On December 27, the anniversary of the Browns' victory in the 1964 NFL Championship Game, the title drought will officially reach 45 years.
But even without trophies or rings, there was still plenty to remember from the sports year 2009 in Cleveland. From the good (anything involving LeBron James or Josh Cribbs) to the bad (another Tribe fire sale) to the ugly (Braylon Edwards slugging a friend of LeBron's, then getting traded) it was another eventful sports year on the North Coast.
Between now and the end of December, we'll unveil our top 10 Cleveland sports moments from 2009. Sit back and re-live the year that was.
The Top 10 Cleveland Sports Stories of 2009: #10-#8
The Top 10 Cleveland Sports Stories of 2009: #7-#5
The Top 10 Cleveland Sports Stories of 2009: #4 Wedge Fired, Acta Hired
3. LeBron's sweet shot stuns Magic
The 2009 Eastern Conference Finals were everything we feared as Cleveland fans. Every weakness of the previously-mighty Cavs was expertly exposed by the Magic. Dwight Howard toyed with the smaller and athletically-inferior Cleveland big men. Hedo Turkoglu ran the Orlando offense as a 6'-10" point forward, taking advantage of ghastly mismatches that sometimes found 6'-3" Delonte West guarding him. Rashard Lewis just plain didn't miss a three-ball with the game on the line.
A Lewis three-ball inserted the dagger that gave Orlando a 107-106 upset in Game 1, and seemed to set the tone for the remainder of the series. The Cavs, whether they wanted to admit it or not, were spooked after that loss.
In Game 2, the Cavs jumped out to a 23-point lead in the first half, but in a recurring theme throughout the series, let it gradually evaporate throughout the second half. In the closing minutes, it was Orlando's game for the taking, and Turkoglu was ready to take.
Turkoglu's 12-footer in the lane gave the Magic a 95-93 lead with one short second remaining on the fourth-quarter clock. The Cavs, 39-2 at home during the regular season and undefeated in the playoffs prior to Orlando's Game 1 win, faced the devastating prospect of losing the first two games of a playoff series in their own building.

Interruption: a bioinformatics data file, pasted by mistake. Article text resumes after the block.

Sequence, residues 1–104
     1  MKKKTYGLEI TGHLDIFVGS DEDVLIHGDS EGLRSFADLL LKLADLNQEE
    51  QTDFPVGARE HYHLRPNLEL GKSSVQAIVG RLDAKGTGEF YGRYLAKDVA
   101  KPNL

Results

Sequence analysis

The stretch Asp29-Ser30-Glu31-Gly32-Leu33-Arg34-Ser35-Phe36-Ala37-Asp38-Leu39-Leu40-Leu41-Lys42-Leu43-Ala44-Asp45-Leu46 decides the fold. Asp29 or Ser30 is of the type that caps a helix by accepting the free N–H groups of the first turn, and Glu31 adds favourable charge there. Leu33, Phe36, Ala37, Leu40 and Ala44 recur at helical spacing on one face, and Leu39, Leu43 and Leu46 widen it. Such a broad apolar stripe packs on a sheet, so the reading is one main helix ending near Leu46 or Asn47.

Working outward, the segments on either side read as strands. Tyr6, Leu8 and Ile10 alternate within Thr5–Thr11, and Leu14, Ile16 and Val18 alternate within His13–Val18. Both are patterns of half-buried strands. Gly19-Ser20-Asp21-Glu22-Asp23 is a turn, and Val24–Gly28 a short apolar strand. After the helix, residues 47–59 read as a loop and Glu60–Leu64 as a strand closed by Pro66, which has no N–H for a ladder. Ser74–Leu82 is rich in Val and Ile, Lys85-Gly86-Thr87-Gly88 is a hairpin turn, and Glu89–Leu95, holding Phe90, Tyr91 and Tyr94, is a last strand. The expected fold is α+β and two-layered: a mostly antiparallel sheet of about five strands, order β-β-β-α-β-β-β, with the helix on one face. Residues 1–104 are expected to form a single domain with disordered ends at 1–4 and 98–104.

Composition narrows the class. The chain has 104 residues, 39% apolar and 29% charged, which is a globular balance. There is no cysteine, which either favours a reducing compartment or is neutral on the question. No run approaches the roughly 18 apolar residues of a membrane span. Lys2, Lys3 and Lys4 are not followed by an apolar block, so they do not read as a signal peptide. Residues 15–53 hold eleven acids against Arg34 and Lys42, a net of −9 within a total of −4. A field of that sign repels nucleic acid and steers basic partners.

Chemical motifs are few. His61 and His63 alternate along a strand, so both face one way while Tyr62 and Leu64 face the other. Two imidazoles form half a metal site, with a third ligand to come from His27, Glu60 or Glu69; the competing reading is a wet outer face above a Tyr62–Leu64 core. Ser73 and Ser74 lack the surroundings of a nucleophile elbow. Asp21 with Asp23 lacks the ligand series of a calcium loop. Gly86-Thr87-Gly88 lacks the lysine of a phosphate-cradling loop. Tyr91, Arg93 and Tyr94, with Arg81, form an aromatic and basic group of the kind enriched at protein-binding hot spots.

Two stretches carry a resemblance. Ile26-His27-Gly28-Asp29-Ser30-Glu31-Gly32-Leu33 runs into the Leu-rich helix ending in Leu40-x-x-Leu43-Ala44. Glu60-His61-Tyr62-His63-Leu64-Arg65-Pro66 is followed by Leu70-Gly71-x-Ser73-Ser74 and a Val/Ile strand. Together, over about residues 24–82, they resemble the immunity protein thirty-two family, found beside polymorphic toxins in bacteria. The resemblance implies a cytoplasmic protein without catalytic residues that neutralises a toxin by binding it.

Coming out of the final timeout, amid the nervous murmur of 20,562 fans at Quicken Loans Arena, everybody knew the only number that mattered was 23. LeBron James was getting the ball. He was taking the shot. He was going to win it or not.
LBJ's course of action was the same, often-maddening course of action he always takes with the game on the line: cut to the inbounder, take the pass and then decide what to do. Invariably, LeBron seems to end up hoisting an awkward 20-footer.
But this time, there was a reason to hoist it from deep. That's all the reaction time the clock could spare.
LeBron took an inbounds heave from Mo Williams, and from roughly 25 feet, squared to the basket and did the only thing he had time to do. He let it fly.
In a scene straight out of Hollywood, the ball arced through the air as the clock emptied its last tenths of seconds, down to "0.0". The backboard frame glowed red. The ball fell toward iron.
Rattle, rattle, swish. The ball deflected off the inside of the rim and fell through. The arena - and bars and living rooms across northeast Ohio - erupted. LeBron sprinted to the other end of the floor and joined his teammates in a mob.
The Magic shuffled off the floor, burned by a buzzer-beater for the second time in the playoffs. Of course, we know the rest of the series favored them, as they eventually put the Cavs in a 3-1 hole before winning in six. But for that one night, Cleveland fans reveled as LBJ took them on the ultimate springtime thrill ride.